Also, Head of Research at Sterling Capital Ltd., Sewa Wusu, hinted that almost all the banks operating in the country, both tier 1 and tier 2 banks have to grapple with the reality of these challenges.
According to him, the regulatory headwinds and policy will definitely have significantly downside impact on banks` earnings.
“One will not also fail to mention very quickly that the stiff and challenging operating macroeconomic environment brought about by the decline in oil prices and other factors as highlighted earlier, may also constrained the banks to cut down significantly on overhead expenses including the likelihood of a downsize to contain cost.
“We`ve seen the likes of FCMB Holdings and FBN Holdings groups issuing out profit warnings
to abreast the market on the downside of their earnings expectations based on their exposures to the oil and gas sector of the economy,” Wusu stated.
He, however, hinted that there might likely be some surprises as market eagerly awaits these results.
“We can not rule out the possibilities of some of the banks springing some surprises in terms of dividend declaration to shareholders. Even, if you factored in the mandated regulatory provisions for NPLs and other impairment charges, some of the banks may likely declare dividends. For instance, despite the significant provisions in Q3, 2015, some of the banks like UBA, GTB and even First Bank was well able to increase the level of their profitability at Q3,” the analysts stated.
An analyst at WSTC Financial Services Ltd, Research Division, Olutola Oni argued that there are strong expectation the banking sector’s 2015 full year earnings to be negatively impacted by the phase-out of CoT and sector’s significant exposure to the oil and gas industry.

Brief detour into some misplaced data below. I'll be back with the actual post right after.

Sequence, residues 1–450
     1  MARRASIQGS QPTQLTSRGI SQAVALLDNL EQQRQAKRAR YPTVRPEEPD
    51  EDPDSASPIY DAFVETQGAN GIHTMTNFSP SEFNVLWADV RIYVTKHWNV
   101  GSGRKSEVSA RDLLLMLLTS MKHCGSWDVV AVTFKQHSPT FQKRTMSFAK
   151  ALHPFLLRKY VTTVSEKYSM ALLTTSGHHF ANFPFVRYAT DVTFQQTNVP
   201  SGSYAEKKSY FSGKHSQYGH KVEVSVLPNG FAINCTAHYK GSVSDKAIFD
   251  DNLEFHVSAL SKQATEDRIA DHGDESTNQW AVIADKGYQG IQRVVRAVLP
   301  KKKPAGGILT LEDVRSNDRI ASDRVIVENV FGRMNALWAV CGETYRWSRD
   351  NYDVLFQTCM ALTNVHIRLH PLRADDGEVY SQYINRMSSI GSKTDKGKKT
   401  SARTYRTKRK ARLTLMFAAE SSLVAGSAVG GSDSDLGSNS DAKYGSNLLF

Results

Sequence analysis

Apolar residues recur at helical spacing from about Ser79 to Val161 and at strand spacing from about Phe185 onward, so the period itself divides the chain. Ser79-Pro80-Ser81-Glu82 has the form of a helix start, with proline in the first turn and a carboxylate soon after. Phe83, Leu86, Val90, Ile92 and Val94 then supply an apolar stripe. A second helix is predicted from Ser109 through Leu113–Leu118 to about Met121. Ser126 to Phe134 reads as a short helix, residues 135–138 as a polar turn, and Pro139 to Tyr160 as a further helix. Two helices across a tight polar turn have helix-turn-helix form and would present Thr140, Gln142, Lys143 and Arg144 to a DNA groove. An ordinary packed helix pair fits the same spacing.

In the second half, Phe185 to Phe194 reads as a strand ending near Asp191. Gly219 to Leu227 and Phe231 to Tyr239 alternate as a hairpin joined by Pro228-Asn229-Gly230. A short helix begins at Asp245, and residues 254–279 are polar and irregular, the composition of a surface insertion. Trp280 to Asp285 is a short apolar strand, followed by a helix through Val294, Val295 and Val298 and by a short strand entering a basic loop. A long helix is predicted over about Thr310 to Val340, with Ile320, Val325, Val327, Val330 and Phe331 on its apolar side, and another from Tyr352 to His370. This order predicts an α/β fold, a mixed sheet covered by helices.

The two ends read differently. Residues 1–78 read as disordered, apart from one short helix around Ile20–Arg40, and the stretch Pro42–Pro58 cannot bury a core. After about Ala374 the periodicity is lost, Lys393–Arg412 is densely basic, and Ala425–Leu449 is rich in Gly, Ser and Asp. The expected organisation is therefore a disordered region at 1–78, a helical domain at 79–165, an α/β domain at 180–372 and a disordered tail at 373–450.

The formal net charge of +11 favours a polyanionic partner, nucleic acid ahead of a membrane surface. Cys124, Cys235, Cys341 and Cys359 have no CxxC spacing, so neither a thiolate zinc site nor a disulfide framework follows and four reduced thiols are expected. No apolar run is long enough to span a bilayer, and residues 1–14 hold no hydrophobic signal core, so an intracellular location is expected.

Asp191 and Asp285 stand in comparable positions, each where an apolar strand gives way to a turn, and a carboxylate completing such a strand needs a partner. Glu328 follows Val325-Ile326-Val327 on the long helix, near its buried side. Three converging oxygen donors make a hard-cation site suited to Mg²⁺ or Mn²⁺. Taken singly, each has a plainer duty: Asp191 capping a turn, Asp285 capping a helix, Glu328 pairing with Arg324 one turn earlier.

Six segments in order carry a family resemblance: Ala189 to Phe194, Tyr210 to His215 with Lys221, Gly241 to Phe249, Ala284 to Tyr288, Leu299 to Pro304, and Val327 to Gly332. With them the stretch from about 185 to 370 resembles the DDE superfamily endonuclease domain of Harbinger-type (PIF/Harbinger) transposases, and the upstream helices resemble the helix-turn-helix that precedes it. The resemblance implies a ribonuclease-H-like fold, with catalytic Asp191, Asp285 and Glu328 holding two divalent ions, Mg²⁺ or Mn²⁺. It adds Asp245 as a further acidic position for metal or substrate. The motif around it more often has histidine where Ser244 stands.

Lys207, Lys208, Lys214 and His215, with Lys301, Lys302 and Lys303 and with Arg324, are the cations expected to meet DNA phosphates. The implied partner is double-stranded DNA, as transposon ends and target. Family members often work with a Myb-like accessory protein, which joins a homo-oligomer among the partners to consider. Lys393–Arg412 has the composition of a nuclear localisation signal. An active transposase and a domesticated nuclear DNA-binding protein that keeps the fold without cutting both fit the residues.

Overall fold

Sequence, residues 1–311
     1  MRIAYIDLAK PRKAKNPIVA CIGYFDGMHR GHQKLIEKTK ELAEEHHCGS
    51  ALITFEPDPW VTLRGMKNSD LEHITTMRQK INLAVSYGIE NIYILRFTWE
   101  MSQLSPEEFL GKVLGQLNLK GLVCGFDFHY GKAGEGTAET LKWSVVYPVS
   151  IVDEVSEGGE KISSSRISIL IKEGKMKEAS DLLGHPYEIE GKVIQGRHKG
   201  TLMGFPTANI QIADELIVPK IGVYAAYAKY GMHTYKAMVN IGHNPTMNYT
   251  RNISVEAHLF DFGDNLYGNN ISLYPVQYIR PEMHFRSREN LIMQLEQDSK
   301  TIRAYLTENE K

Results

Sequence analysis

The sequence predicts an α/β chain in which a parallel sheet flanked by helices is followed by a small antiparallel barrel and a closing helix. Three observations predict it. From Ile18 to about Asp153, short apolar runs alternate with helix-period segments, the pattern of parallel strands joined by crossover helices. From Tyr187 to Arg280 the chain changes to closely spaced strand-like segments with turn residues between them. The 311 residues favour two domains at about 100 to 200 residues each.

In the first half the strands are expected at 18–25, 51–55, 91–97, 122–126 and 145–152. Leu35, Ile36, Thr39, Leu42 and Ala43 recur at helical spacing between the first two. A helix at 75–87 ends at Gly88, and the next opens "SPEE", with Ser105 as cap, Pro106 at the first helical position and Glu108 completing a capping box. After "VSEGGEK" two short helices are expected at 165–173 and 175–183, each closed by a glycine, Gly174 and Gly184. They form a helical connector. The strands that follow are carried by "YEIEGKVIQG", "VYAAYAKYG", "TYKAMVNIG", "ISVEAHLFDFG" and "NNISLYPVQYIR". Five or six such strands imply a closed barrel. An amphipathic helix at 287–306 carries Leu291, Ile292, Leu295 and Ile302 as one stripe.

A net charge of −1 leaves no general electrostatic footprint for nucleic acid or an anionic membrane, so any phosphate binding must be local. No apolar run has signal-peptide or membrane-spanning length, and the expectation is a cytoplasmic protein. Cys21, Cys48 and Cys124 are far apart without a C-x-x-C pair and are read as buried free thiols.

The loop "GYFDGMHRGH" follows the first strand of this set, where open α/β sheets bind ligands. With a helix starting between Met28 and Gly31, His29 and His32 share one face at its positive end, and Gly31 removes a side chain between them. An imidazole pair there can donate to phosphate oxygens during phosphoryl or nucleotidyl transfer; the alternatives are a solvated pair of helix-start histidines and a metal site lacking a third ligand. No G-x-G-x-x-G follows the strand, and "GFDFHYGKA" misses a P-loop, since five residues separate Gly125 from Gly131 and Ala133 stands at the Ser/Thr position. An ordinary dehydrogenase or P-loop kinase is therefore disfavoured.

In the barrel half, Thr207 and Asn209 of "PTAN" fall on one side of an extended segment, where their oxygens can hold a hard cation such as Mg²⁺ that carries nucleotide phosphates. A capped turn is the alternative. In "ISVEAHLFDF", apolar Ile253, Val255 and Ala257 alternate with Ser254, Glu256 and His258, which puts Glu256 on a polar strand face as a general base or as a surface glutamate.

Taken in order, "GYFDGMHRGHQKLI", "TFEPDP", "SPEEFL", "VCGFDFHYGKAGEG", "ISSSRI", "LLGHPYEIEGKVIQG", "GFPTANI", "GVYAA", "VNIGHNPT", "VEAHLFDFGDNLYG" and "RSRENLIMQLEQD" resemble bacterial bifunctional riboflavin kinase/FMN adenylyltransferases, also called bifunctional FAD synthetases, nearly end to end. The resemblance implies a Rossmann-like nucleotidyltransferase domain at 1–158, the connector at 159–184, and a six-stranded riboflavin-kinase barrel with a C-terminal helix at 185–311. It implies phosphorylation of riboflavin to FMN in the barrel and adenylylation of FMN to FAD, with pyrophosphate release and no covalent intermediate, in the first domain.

He is convinced that the foreign exchange scarcity and restrictions in the period would weigh on earnings, likewise marginal impact from TSA implementation as this was compensated for by reduction in cash reserve ratio (CRR).
“In all, we expect resilient earnings from a few names in the tier 1 space,” Oni affirmed.
Head of Investment and Research at BGL Securities Ltd, Mr. Femi Ademola, said that banks with huge exposures to foreign currency liabilities such as on-lending facilities or other types of tier 2 Capital would suffer significant balance sheet effect.
He hinted that banks that grant loans in foreign currencies to local businesses with earnings in Naira would also suffer asset deflation as Naira falls in value.
He explained, “The oil price was definitely unprepared for. Although Nigerian banks lend to oil companies based on cash flow rather than reserves, the average benchmark of $45/barrel has been breached which could mean that some of the assets may become non-performing. And the size of their exposures to the sector despite concentration limits appears to be very significant.”
The analyst further said, “Overall, I expect banks performance for the year ended 2105 to decline but do not expect them to make losses. I also expected that they will make appreciable profit that can be accepted as fair. A decline of up to 40% from 2014 figures appears to be fair in this regard.
“The problem at the moment is economic and regulatory which can be cyclical and not operational. Since these situations can be reversed and very quickly, I don’t think it should affect the workforce. Although it is usual for banks to react to these kind of issues with cost cutting which usually involve staff rationalization, it is not always the right decision and right now, I believe that the situation is too fluid to warrant staff cost.”